Backus and Johnston

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Backus and Johnston

Backus and Johnston, a company started in 1889 by American engineers Jacob Backus and J. Howard Johnston, with the first customized smelter in the copper center of Casapalca, Peru. A few years later the company reduced the cost of transporting copper for export, making use of the arrival in the high Andes in 1893 of the Central Railway. As the company gained control of mineral transport, it lowered the amounts paid for copper to rival producers. This practice soon drove many Peruvian producers out of copper mining and led to a virtual foreign copper monopoly. By the end of World War I the New York-based Cerro De Pasco Corporation had taken over Backus and Johnston, and by 1930 few other locally owned mining smelters remained. A large measure of the profitability of Andean copper can be attributed to the low cost of labor. The cheap labor force of villagers had left the nearby villages, attracted by the cash offered for work in the mines. Bad working conditions, low pay, and company inattention soon led to strikes. After years of struggle miners won the right to an eight-hour day and other concessions. Labor conditions remained poor, and mine workers continued to be organized and militant.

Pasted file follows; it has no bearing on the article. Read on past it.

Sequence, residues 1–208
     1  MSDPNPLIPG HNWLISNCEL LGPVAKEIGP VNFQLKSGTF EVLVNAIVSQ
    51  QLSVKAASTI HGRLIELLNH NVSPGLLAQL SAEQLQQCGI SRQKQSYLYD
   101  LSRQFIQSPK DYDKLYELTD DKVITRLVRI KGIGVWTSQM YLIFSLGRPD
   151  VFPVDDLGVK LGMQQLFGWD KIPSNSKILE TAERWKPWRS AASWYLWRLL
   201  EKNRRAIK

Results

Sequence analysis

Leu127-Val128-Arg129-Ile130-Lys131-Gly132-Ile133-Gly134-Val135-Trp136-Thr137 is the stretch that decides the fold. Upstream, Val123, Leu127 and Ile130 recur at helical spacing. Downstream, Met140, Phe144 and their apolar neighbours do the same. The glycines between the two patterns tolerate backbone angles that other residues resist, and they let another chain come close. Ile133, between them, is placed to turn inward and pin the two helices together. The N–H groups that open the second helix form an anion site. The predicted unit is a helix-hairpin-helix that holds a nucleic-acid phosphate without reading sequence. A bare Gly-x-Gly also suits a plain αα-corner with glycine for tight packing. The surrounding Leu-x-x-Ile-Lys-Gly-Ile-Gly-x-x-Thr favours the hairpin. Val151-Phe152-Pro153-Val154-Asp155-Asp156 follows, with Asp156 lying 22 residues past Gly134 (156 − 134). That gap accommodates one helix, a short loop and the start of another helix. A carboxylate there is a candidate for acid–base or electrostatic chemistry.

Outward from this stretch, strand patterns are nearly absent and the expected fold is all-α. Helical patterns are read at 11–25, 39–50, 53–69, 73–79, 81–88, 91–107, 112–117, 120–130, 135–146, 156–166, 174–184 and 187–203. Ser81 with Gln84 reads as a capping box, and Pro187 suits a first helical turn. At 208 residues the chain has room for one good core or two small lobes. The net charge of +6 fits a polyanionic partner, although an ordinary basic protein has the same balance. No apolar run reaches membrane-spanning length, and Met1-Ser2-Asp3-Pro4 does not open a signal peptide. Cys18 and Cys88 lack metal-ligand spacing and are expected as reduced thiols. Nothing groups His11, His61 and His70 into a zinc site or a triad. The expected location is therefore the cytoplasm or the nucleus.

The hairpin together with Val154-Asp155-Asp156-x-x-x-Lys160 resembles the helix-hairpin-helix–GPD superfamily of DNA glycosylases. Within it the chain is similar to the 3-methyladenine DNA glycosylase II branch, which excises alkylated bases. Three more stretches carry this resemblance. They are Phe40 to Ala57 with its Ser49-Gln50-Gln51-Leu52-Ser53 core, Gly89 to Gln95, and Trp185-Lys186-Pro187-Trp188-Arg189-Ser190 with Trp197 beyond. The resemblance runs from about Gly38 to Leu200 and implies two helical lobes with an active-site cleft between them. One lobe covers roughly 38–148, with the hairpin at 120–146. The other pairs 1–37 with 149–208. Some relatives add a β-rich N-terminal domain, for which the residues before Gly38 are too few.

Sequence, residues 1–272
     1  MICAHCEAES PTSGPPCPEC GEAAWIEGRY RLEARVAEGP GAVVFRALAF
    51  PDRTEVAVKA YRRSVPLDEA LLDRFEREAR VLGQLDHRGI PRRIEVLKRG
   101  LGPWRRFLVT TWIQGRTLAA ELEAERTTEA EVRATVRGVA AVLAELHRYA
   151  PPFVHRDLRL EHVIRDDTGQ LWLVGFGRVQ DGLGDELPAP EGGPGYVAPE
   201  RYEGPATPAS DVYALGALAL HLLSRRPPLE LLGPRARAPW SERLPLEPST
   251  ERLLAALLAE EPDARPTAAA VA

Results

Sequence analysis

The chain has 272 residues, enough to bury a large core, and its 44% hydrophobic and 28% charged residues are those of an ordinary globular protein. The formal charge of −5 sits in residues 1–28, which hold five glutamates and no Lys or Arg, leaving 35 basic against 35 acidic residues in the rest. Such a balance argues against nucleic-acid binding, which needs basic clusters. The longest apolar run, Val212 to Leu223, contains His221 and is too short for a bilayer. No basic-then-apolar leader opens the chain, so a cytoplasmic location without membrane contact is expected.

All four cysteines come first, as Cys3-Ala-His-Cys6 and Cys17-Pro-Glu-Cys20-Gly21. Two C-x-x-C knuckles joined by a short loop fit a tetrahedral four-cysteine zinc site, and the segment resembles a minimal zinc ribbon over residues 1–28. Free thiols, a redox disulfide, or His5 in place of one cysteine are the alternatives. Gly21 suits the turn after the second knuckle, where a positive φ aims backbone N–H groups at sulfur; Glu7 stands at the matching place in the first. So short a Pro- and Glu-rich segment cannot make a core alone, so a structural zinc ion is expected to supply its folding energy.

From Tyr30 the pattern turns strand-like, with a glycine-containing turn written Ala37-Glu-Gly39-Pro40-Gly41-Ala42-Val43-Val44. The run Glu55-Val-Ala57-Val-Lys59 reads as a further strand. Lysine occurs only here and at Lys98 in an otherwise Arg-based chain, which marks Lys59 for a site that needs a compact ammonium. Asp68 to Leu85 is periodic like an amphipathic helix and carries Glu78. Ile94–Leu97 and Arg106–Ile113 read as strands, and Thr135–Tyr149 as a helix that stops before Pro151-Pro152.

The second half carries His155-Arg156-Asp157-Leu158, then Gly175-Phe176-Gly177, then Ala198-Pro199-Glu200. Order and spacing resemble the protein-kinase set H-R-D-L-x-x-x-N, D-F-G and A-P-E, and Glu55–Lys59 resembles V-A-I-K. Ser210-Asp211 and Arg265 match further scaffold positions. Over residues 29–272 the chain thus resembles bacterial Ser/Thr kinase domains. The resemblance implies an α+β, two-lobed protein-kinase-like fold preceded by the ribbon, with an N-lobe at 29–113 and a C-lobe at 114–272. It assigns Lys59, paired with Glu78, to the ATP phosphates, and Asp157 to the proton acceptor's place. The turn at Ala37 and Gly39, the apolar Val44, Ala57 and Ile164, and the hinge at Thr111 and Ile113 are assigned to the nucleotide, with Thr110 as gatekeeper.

See alsoCopper Industry .


Rosemary Thorp and Geoffrey Bertram, Peru, 1890–1977: Growth and Policy in an Open Economy (1978), esp. pp. 73-83.

Florencia Mallon, The Defense of Community in Peru's Central Highlands: Peasant Struggle and Capitalist Transition, 1860–1940 (1983), esp. pp. 126, 135-136.

Additional Bibliography

Jochamowitz, Luis. Hombres, minas y pozos: 1896–1996: Un siglo de minería y petróleo en el Perú. Lima: Sociedad Nacional de Minería y Petróle, 1996.

                                        Vincent Peloso